Last updated at Wed, 30 Aug 2017 20:04:45 GMT
The neverending fight with malware forced researchers and security firms to develop tools and automated systems to facilitate the unmanageable amount of work they've been facing when dissecting malicious artifacts: from debuggers, monitoring tools to virtualized systems and sandboxes.
On the other side, malware authors quickly picked them up as easy indicators of anomalies from their target victims' systems.
This has initiated a still ongoing arms race between malware writers and malware analysts, during which a lot of new tricks and technologies that came up were respectively defused by the opposite side: an anti-debugging mechanism can be evaded by hiding the debugger, detection of a virtualization software could possibly be defeated by choosing another product, obfuscation can be reversed with plugins for static analysis tools and dead code eliminated with differential debugging.
So basically whenever a new "anti" functionality appears in malware, researchers try to adapt their methods to evade or defeat it. However there is a trade-off in this arms race: often we can more easily classify an executable as malicious by the detection/evasion it implements. If the detection mechanism has false positives, the attacker could miss out on potential victims.
With malware analysis sandboxes and virtualization becoming increasingly popular for automated analysis and processing of suspicious files, the adoption of anti-virtualization technigues by malware authors is becoming just as common. As sandbox developers ourselves this can get quite frustrating, but what if we subvert this trend to our advantage?
If all workstations in a company would look like virtualized analysis environments, they would not get infected by most VM-aware malware. Consequently we could use this as proactive countermeasure by placing common indicators into our systems and thereby "vaccinate" them against a large amount of malware. We could also increase our chances by introducing fake indicators of debuggers or other analysis tools.
As an example, the screenshot on the right shows the output of "pafish", a tool that checks for artifacts typical of a virtualized environment. After putting several indicators into place, pafish detects them successfully.
One can find these detection and evasion features in several malware families. Looking at an instance of the "Rebhip" trojan, we find several of these methods being used as shown in the flow graph below.
After identifying one of the malware's string comparison functions we can trace its usage and quickly verify that it compares running process names against "VBoxService.exe" as one of its detection techniques.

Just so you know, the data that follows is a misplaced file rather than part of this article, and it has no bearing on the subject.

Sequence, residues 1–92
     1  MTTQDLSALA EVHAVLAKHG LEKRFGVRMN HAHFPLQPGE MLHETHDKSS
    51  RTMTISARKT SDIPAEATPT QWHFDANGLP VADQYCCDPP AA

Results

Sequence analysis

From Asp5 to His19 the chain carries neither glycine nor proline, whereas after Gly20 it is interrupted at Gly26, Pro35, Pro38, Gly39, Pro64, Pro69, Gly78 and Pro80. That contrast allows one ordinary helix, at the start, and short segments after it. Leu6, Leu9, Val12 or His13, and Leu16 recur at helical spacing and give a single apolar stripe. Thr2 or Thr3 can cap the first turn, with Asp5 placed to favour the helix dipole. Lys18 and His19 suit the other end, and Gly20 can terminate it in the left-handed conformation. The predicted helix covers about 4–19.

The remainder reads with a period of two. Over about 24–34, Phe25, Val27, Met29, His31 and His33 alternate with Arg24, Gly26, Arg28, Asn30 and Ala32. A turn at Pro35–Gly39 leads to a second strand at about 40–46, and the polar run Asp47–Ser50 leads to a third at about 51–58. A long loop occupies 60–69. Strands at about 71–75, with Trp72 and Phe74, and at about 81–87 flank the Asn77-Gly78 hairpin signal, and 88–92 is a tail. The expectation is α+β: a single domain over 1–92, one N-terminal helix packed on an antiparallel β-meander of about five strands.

... call from 0x407819 strcmp("VBOXSERVICE.EXE", "[SYSTEM PROCESS]") = 0 call from 0x407819 strcmp("VBOXSERVICE.EXE", "SYSTEM") = 0 call from 0x407819 strcmp("VBOXSERVICE.EXE", "SMSS.EXE") = 0 call from 0x407819 strcmp("VBOXSERVICE.EXE", "CSRSS.EXE") = 0 call from 0x407819 strcmp("VBOXSERVICE.EXE", "WINLOGON.EXE") = 0 call from 0x407819 strcmp("VBOXSERVICE.EXE", "SERVICES.EXE") = 0 call from 0x407819 strcmp("VBOXSERVICE.EXE", "LSASS.EXE") = 0 call from 0x407819 strcmp("VBOXSERVICE.EXE", "VBOXSERVICE.EXE") = 1 call from 0x40d6fc ExitProcess
Therefore in a VirtualBox virtual machine with guest utilities installed, this specific malware sample would not conduct any malicious activity in order to evade automated analysis. Also using a debugger without hiding its presence will have the same effect.
Building a small proof-of-concept tool for placing similar indicators can be trivial. We put together an example that contains a few VirtualBox and VMWare indicators and pushed it to a Github repository. It installs a few registry keys, directories, files and spawns some processes with names related to these products as well as a fake Olly Debugger. The repository has a built binary as well.
This idea is by no means new or unique - others have used similar approaches before. Tillmann Werner and Felix Leder created "nonficker", a tool that pre-registers Conficker mutexes on a system in order to inoculate it against Conficker infections. As a high percentage of malicious samples uses mutexes to limit double infection, one could imagine a tool that uses this technique for protecting against all those samples at the same time. Sadly it is quite time-consuming to reconstruct the correct mutex generation algorithm that is used in the malware itself.
What do you think of the technique and the tool? Would you run this on your employee workstations to thwart infection by some VM-aware malware?
If largely adopted such techniques could make it more expensive for attackers to be successful and force them to either choose to give up on infecting "vaccinated" systems or to abandon the use of such anti-virtualization techniques, making life of malware analysts and security firms way easier.
While being just a simple trick targeting a specific subset of malware in the wild, it wants to be an example on how using out-of-the-box techniques and being dynamic enough could let us gain an upper hand in the struggle against malware.
UPDATE: We were pointed to a paper containing this technique from 2008. They did even go further and put in more indicators and evaluated the concept on a larger set of malware. While I did not know the paper before, I already mentioned that people had been doing similar approaches and we did not invent the method. This post's focus was to bring up the discussion again and on the quick creation of a small poc that people could actually run if they wanted to. It's good that we have a source promising decent effectiveness of the technique - so thanks!